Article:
Tuesday, July 21, 2009

Heavenly Bodies

Have you ever thought about what you will look like to other people once you're in Heaven? (to see rest of post, click "Read More" below)

Obviously, the subject isn't really that important, and truly, once one is in Heaven, interests will likely (warning!!! gargantuanormous understatement coming here!) be more Christ-focused. However, as none of us have ever been there, who of us can really say what it's like? Personally, I've felt for awhile that since mankind was created for Earth, that's where we'll be. When the new Heaven and new Earth are created, the latter will sort of be a part of the former. I'm no theologian, so all this in my mind is a house loosely cobbled together with glass panes and silly putty built from shallow scripture reading, which I'm sure could easily be shattered with some theological rocks, and they wouldn't have to be heavy ones.

Nonetheless, my Sunday School class was doing a study on Heaven afew weeks ago based on a book I didn't purchase, and this subject of how one would appear in Heaven came up. Now, as a kid and sometimes growing up, I probably did think that how I looked right then was probably how I'd look in Heaven - just perfected in a Resurrection body. Thing is, I'll be 42 in less than two weeks, and the older I get, the less I'd prefer that to be the case. If I remember correctly, one concept thought up in the book -- or it could have been what someone in the class had read elsewhere -- was that since in Heaven, we're not bound by time and perhaps by our minds, what someone might see is a composite of your whole life - you as a babe, child, youth, teen, young adult, adult, middle-aged, old... all the parts of your life can be seen when looking at you. That was interesting. Maybe some of you ladies and gents have different theories outside the box. I'd love to hear them.

It does strike me that when Christ was resurrected, several times -- in front of Mary Magdelene, on the road to Emmaus with Cleopas and the other disciple, in front of the eleven, themselves -- they did not recognize Him, at least at first, and in the Emmaus case, not at all. Why was that, I wonder? Were there just scales put in front of their eyes? And then, suddenly, they did. Did Jesus' appearance change? Had it changed from the man He looked like before the Cross? Did it change right in front of the disciples eyes? Or were they just blinded by the Father to who He was until He wanted to reveal Himself? That resurrected body, the one they saw then, usually that's what I think I'll see when this life of mine expires, I head to the next, and get to look upon my Lord and my God. John, in Revelation, saw Christ somewhat differently than what I usually think about when I picture my risen Lord. How do you see Him?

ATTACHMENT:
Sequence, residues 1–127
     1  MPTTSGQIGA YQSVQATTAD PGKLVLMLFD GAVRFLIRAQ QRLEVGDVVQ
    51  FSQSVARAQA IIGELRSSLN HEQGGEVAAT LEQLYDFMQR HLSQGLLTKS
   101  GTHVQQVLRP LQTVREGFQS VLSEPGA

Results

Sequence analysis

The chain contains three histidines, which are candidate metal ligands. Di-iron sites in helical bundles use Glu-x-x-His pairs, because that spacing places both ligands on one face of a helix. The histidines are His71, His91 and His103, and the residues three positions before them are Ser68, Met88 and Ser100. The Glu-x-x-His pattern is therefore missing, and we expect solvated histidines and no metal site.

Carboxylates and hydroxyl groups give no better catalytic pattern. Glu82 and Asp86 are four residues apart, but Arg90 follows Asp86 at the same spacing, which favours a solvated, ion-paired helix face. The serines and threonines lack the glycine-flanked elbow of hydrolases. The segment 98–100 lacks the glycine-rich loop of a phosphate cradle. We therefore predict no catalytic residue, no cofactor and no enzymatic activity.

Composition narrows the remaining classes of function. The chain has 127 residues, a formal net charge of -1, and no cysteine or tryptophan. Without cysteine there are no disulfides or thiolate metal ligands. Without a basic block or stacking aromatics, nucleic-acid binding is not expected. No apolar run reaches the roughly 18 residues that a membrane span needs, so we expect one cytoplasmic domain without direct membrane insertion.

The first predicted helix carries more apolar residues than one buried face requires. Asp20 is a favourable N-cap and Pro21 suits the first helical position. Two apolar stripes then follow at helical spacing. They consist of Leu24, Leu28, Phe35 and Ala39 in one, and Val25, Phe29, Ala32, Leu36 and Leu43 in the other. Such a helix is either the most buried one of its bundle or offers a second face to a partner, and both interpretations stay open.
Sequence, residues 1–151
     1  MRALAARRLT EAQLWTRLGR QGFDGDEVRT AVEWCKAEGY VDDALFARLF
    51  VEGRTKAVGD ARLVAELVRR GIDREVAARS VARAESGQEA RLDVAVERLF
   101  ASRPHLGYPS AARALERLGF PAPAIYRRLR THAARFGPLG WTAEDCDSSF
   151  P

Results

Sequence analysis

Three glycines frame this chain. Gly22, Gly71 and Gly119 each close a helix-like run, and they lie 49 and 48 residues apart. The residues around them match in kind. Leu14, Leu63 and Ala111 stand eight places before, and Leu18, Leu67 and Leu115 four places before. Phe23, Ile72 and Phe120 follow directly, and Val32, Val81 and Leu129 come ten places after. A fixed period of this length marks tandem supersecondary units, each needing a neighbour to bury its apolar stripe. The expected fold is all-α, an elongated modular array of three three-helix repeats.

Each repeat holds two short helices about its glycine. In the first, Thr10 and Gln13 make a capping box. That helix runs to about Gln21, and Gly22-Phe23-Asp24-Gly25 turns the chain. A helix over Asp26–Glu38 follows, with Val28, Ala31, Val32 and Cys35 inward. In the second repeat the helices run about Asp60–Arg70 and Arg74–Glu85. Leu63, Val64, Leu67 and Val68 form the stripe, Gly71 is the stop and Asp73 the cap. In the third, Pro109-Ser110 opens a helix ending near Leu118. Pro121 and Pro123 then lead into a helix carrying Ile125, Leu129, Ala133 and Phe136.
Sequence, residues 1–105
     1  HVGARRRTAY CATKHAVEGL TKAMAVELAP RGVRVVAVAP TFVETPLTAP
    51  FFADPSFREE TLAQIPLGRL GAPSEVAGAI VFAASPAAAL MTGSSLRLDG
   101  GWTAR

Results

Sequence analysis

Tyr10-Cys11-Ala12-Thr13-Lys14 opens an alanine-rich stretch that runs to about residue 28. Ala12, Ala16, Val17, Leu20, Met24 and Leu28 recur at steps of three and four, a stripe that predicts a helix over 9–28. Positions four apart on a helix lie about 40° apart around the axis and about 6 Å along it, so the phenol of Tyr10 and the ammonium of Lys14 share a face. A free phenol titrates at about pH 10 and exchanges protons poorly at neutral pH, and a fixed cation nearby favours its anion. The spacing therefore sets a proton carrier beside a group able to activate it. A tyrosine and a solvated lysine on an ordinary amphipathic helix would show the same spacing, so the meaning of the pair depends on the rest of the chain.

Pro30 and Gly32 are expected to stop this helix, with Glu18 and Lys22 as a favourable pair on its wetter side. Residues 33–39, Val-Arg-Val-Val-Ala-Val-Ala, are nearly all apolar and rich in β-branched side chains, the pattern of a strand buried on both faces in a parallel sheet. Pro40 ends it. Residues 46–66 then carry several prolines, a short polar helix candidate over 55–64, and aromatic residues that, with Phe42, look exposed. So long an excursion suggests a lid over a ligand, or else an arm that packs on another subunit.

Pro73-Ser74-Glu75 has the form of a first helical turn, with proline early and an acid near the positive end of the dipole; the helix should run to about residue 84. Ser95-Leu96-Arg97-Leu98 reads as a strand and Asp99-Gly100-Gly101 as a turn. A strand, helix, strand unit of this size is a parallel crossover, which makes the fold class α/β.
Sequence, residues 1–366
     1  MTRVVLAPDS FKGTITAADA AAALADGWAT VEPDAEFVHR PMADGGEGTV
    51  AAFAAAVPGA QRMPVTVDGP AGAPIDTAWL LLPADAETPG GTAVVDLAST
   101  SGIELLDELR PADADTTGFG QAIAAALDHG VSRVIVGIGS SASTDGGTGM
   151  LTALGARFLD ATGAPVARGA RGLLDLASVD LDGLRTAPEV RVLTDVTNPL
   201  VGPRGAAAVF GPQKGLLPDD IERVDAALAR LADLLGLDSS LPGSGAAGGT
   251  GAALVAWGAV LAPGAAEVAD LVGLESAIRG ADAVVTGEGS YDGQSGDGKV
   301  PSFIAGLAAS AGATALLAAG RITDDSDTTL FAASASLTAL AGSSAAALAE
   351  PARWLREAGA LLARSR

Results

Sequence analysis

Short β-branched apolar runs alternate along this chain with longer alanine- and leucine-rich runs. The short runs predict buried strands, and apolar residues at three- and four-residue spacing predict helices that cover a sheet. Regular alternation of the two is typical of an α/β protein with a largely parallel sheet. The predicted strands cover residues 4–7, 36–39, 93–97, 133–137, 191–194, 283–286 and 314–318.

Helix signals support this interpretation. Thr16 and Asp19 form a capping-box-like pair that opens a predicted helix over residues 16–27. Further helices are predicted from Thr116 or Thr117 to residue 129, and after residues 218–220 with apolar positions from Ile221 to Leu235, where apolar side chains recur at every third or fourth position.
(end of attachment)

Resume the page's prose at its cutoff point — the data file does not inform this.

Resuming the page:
Now, going back, what I'll see when I look at you... or myself in the mirrors in Heaven (should there be those)... I'm not so sure. So I'll throw it out into the Realm and see what all the wiser minds than I have to say on our heavenly bodies. Thoughts?

2 comments:

Kevin Knox said...

I can be a naysayer, but I have to go with you on this one!

I've long thought heaven was for angels, and the remade Earth is for us and forever. But, I believe it's the universe. I think we'll spend the next several million years exploring the stars in a sinless state, adventuring with God. I doubt we'll need anything mechanical to do it, either.

And do you know how tic-tac-toe can be called cat's game after the first two moves? I think chess will be like that, too. We'll move on to more interesting challenges, like art. Writing will grow infinitely more fascinating, as the things we are trying to express grow deeper and more complex and the way we can express ourselves grows more precise. Can you imagine the chapter-long sentences that are perfectly comprehensible to everyone? And still surprising, because each person will be truly unique and different. The complexities revealed in you will endlessly fascinate me and vice versa.

I'm excited.

DugALug said...

Never really thought about it.

I've always figured that it doesn't matter when compared to experiencing God in all of His Glory.

I'd like to think that I could recognize fallen loved ones and rejoice in our reunion.

The Parable of Lazarus the beggar implies that we will recognize fallen ones... even those across the great void.

So whether we recognize them as we see them or our spiritual bodies recognize the other spiritual bodies, I believe we will have knowledge of the former that is carried over into the latter.

God Bless
Doug